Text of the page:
O.K., so the Vandals have a history that would suggest that membership in the Big Sky Conference is perhaps more valuable to them than membership in the Sun Belt Conference. But that history is only as valuable as how Idaho's athletic administration sees it fitting into their vision for the future, and this is where Spear comes in.
I was willing to show some leniency with a program seemingly struggling to find its identity until I began to stumble across some interviews that Spear has given in the past.
The University of Idaho is working on plans to expand the Kibbie Dome and build an events center, athletic director Rob Spear said.
Preliminary plans call for the west-end wall of the Kibbie Dome to be knocked out to make room for 6,000-7,000 new end zone seats. Adjacent to those new seats would be a 5,000-6,000-seat events center, which would house men’s and women’s basketball as well as campus events[...]
This was from an article in 2006, Spear's third as AD. Since that article, the football seating capacity was raised to 18,000 and then dropped back down to 16,000 in order to accommodate a new press box and luxury suites. This comment would seem fairly innocuous if I weren't to then show you the next statement.
"We have ambitious plans," Spear says. "We need to get basketball out of the dome. We need to get it its own events center, and we have a plan for that. We have a plan to expand capacity in the Kibbie Dome. There’s this perception that you can’t increase capacity of the dome. That’s not true. We can get capacity up by lowering the field and going out into both end zones. We can probably get that to seat 26 to 27,000."
That is ostensibly the same statement, made six years later in 2012. It probably didn't help matters that eight months prior, the University of Idaho announced it's biggest capital campaign in school history, but the list of "to do" items with that funding did not include Spears' facilities plan.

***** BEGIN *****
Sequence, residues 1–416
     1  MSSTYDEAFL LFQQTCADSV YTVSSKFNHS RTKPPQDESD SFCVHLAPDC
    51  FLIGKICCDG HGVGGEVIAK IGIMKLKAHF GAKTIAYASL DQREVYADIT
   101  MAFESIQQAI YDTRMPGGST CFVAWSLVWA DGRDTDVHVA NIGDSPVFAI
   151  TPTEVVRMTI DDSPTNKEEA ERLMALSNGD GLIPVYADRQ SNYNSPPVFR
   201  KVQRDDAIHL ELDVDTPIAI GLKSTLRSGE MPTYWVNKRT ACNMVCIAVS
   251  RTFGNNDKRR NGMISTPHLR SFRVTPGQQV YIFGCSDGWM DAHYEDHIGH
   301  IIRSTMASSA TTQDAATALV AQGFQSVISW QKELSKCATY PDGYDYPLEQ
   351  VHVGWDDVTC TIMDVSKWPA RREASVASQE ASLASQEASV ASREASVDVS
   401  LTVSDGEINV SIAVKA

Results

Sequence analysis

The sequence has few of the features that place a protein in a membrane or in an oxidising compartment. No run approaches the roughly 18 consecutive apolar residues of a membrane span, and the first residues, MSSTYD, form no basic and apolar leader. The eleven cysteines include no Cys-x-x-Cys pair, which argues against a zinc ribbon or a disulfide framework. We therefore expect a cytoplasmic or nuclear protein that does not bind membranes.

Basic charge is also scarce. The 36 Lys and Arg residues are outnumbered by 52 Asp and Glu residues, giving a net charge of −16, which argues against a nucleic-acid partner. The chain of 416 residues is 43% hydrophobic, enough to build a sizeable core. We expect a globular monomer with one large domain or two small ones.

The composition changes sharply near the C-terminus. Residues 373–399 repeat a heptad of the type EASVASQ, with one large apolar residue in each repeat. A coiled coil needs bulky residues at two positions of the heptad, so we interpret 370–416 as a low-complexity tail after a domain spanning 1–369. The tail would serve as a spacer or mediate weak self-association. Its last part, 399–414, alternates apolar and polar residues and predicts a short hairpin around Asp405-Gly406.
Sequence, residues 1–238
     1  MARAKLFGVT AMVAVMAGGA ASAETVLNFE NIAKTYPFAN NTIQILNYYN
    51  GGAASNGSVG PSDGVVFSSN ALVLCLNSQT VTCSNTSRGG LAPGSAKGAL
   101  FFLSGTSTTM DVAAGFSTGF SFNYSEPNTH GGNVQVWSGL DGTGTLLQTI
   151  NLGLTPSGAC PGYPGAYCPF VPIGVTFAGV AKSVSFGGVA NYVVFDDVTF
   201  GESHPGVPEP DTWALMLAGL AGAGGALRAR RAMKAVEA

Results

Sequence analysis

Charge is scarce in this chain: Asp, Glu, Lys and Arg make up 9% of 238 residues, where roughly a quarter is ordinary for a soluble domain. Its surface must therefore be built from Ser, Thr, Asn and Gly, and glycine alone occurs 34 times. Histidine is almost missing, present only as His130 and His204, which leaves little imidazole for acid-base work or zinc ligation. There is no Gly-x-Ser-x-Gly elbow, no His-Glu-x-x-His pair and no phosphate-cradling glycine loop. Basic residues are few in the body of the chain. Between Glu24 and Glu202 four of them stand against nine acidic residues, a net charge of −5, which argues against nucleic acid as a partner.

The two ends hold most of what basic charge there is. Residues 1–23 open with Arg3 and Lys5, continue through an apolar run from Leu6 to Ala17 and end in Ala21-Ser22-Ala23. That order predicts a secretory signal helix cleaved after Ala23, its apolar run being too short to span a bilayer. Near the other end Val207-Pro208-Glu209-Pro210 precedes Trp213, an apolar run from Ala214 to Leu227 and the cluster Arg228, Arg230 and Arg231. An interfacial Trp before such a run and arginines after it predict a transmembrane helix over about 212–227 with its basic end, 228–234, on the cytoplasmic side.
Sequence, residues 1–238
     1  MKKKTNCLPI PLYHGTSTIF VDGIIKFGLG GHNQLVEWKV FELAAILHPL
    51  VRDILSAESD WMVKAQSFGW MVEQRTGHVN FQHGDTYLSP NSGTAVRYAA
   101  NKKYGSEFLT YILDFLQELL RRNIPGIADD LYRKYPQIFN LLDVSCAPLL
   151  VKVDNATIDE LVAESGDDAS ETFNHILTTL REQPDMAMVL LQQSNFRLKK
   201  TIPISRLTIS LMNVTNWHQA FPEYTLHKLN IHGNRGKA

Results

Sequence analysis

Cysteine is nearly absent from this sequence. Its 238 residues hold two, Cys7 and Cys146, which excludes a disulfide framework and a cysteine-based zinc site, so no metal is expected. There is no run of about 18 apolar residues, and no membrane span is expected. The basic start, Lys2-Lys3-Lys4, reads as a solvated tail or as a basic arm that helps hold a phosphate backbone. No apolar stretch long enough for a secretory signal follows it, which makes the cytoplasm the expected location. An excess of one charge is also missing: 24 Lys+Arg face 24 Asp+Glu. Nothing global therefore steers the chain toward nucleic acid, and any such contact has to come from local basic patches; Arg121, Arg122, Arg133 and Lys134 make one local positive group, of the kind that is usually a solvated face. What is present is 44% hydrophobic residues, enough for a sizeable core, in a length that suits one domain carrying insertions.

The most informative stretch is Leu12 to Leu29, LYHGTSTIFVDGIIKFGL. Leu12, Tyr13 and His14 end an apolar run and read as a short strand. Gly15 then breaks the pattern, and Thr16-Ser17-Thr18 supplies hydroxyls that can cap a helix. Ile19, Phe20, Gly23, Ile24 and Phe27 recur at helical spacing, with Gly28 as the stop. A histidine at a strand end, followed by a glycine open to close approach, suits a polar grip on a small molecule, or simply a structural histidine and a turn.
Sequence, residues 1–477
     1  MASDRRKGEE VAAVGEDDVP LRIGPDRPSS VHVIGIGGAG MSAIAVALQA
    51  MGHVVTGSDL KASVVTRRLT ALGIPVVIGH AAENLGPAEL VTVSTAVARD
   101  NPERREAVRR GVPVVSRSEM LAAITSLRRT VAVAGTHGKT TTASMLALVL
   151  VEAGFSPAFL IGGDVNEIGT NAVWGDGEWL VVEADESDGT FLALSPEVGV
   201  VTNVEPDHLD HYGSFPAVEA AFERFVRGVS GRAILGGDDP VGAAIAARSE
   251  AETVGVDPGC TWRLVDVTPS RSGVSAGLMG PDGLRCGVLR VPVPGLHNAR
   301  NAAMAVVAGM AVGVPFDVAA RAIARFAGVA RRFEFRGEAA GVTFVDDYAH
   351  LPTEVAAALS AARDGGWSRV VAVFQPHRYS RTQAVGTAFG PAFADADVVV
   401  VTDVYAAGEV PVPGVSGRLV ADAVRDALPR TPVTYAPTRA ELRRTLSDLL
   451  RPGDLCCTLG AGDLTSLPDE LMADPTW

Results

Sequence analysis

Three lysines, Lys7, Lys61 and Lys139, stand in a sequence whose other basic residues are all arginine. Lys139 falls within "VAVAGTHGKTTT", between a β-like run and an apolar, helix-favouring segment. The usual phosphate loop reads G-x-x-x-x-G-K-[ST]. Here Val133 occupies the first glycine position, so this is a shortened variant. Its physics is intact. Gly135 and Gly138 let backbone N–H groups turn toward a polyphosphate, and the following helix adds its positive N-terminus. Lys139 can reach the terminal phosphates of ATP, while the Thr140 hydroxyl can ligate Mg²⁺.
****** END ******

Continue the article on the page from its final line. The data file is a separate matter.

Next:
I'm also skeptical of his plan to add that much seating to a place like the Kibbie Dome since I'm not sure a) they know how much it would cost or b) it's actually physically feasible, and c) they had to fight just to get the Idaho Board of Education to approve the safety upgrades they completed in 2011.
Which leads me to the reason I felt the need to excoriate Spears and his vision to begin with. I stumbled across an interview he did Spokesman-Review writer (and one-time Underdog Dynasty contributor) Sean Kramer last month, and the remainder transcript at the end of the article provides some worrying statements.
Spear showed me a map of all the FBS programs in the country, and pointed to the wide open space in the Montana, Dakota region: "Long term, this map I think this is very revealing. Look at this void right now. Montana, the Dakotas, eventually I think you will see something here and that’s where Idaho strives to be at some points of time, with schools in this region."
I'm pretty sure the only thing this statement could mean is that he believes that some portion of the Big Sky teams could move to FBS in the reasonably near future. The unlikeliness of this is it's own article.
He delved on the subject some more: "Money is going to drive all decisions, I’ll point to another factor. Conference USA, their television contract is going to be reduced and it’s going to impact every school to the tune of a half-million dollars, potentially. You’re going to see television contracts not be as lucrative as they once were in the G5 conference, in my opinion. The Power Five that money will stay, in the Group of Five that money will be impacted. That’s another potential driving force for conference re-alignment."